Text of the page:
• Five patients with acute obstructive hydrocephalus experienced arrhythmic, repetitive downward and inward eye movements at a rate ranging from one per three seconds to two per second and an amplitude of one fifth to one half of the full voluntary range. Because of a faster downstroke and appropriate amplitude, these movements were usually diagnosed as ocular bobbing. However, their "V" pattern, the generally faster rate, and pretectal, rather than pontine-associated, signs distinguished them from true ocular bobbing. This pretectal pseudobobbing probably represents a variety of convergence nystagmus, and in contrast with true pontine bobbing, usually indicates a need for prompt surgical attention.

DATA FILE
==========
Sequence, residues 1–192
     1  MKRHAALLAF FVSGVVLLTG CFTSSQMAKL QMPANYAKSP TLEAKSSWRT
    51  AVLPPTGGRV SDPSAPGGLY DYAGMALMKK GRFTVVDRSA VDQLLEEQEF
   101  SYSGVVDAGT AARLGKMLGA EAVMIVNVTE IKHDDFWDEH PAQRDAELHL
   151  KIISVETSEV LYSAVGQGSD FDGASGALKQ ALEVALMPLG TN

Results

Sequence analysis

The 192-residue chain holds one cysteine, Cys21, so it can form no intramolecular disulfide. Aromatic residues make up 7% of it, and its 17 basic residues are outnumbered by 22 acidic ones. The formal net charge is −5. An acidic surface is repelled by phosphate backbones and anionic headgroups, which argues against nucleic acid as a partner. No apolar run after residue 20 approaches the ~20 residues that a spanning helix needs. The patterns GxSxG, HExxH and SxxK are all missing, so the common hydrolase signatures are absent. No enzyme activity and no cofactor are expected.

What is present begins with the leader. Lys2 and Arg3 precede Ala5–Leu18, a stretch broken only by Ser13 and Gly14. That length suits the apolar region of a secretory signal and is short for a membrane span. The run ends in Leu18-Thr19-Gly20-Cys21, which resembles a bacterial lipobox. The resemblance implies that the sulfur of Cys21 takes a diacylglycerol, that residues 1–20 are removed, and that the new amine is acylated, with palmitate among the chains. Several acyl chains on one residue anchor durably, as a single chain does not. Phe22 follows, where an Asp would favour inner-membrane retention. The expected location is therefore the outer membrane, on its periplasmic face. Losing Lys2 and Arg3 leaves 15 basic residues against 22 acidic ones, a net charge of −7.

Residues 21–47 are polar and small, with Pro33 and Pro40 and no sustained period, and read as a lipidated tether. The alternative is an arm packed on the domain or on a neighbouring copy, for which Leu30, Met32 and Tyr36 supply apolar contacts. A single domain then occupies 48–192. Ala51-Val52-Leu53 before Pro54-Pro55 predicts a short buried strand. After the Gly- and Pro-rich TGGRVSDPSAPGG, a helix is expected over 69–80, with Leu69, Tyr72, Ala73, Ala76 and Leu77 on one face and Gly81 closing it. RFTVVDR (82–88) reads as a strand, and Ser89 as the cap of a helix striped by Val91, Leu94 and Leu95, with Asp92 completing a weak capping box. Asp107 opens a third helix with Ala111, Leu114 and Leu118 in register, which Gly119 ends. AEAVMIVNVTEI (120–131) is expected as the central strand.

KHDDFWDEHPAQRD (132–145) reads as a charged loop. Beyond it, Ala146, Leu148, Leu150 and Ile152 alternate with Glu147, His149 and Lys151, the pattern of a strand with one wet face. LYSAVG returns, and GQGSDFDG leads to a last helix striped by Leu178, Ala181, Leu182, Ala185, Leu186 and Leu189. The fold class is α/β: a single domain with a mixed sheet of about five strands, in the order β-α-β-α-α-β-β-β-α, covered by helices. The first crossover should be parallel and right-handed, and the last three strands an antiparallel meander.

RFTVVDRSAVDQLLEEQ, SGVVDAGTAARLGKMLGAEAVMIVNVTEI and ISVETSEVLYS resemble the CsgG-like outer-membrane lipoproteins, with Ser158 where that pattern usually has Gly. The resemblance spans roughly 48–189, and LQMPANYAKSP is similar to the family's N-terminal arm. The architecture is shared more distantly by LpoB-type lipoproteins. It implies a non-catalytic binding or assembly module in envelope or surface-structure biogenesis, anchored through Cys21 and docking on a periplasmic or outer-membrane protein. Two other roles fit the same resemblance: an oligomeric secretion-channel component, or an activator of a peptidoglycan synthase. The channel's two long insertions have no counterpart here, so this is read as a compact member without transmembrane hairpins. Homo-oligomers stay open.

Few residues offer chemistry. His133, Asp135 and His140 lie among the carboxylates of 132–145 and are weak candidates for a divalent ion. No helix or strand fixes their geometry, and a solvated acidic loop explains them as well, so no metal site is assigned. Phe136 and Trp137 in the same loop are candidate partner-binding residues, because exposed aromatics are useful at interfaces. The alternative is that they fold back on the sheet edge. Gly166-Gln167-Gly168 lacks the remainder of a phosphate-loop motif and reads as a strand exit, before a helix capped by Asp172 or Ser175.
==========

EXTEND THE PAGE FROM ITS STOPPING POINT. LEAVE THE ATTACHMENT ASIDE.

Keane JR. Pretectal Pseudobobbing: Five Patients With 'V'-Pattern Convergence Nystagmus. Arch Neurol. 1985;42(6):592–594. doi:10.1001/archneur.1985.04060060098017
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